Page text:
|IGA robber sentencing focuses on teen’s role in planning heist|
|Written by Chandra L. Mattingly|
|Wednesday, August 01, 2012 8:08 PM|
Could Malachi Draper's participation in an armed robbery and his substance abuse be blamed on his biological father?
Or did the teenager actively help plan and participate in the robbery of Tandy's IGA in Saturday, Jan. 21, and seek out drugs for himself?
After nearly three hours of defense testimony at a sentencing hearing Monday, July 30, Dearborn Superior Court No. 1 Judge Jonathon Cleary sentenced Malachi Draper to 17 years with three suspended and on probation. Draper is to have no contact with his victims, the two employees of Tandy's IGA, during probation.
He was given credit for 191 days in jail, equaling 382 days with good-time credit. With good-time credit here out, he could be released in about seven and a half years.
Draper, 18, pleaded guilty Monday to robbery with a deadly weapon, a Class B felony. A second charge of theft, a Class D felony, was dropped. The potential sentence for the Class B felony is 6 to 20 years incarceration and up to a $10,000 fine.
Draper, 203 Pattison St., Aurora, testified his partner in the robbery, his father Ron Draper, had dictated a written Heist Plan for the crime and “dragged” the younger Draper to the robbery. The older Draper previously was sentenced to 20 years with five suspended through a plea agreement.
During testimony, Draper's mother, two of her friends, and a cousin discussed Malachi Draper's behavior issues, including impulsiveness and a diagnosis of Attention Deficit Hyperactivity Disorder. Several said the youth, 18 at the time of the crime and a high school senior, was unable to write anything like the Heist Plan.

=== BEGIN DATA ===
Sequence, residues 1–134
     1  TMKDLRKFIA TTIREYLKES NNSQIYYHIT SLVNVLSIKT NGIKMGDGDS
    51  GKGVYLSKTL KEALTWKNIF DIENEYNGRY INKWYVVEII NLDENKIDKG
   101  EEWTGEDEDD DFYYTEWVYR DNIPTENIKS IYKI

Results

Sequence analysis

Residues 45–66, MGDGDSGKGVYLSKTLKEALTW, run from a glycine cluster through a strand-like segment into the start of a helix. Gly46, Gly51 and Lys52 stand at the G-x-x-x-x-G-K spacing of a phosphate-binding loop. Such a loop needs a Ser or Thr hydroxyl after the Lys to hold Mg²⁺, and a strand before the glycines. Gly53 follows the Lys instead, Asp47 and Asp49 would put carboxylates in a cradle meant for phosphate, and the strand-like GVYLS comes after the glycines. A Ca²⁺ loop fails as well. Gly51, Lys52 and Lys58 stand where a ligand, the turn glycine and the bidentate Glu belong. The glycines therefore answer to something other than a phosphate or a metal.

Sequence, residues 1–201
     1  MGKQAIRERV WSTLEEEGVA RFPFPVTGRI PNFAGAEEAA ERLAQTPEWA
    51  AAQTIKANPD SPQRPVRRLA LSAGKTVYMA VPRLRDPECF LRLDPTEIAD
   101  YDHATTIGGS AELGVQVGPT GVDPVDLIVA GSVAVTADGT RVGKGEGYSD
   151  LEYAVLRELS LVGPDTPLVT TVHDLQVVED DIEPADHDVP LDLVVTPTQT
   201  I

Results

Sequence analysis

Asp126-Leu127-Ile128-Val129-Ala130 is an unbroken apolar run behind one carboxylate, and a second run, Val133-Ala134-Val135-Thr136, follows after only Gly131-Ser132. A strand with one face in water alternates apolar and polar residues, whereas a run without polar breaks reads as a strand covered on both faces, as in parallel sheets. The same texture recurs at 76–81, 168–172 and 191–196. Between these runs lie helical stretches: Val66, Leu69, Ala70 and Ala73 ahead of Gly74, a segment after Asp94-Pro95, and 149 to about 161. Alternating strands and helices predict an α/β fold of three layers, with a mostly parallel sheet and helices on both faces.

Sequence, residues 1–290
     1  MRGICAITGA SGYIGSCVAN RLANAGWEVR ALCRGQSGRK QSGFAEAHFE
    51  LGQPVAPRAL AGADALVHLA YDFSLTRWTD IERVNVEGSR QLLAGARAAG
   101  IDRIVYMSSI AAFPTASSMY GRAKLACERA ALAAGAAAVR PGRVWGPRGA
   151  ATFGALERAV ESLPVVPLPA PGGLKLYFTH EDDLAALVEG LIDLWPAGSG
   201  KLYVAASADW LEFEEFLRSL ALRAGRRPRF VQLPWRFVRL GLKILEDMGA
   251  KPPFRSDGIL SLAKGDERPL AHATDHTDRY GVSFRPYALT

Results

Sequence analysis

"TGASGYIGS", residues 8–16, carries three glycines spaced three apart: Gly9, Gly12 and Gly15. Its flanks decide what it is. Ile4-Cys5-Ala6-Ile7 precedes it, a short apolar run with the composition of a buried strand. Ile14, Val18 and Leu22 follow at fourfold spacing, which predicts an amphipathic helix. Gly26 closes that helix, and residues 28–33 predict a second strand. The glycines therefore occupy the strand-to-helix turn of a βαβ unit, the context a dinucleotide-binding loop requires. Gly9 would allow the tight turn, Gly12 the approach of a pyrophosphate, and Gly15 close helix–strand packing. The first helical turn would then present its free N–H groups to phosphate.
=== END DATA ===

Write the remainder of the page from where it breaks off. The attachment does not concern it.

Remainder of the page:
“Had he written a seven-page essay at school, I would have done back flips. … That's a dictation … the Heist Plan,” said Draper's mother Krista Moses, who never married Malachi Draper's biological father. She and her husband of 15 years, David Moses, raised her son and have two children together, she said.
During those years, Malachi Draper struggled at times in school, and she pulled him out to homeschool him twice, once in seventh grade and again when he was a high school sophomore, she said.
“He was bullied severely at school. His glasses have been broken. He was trapped in a bathroom with five boys beating him up,” she testified.
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|Last Updated on Wednesday, August 01, 2012 8:11 PM|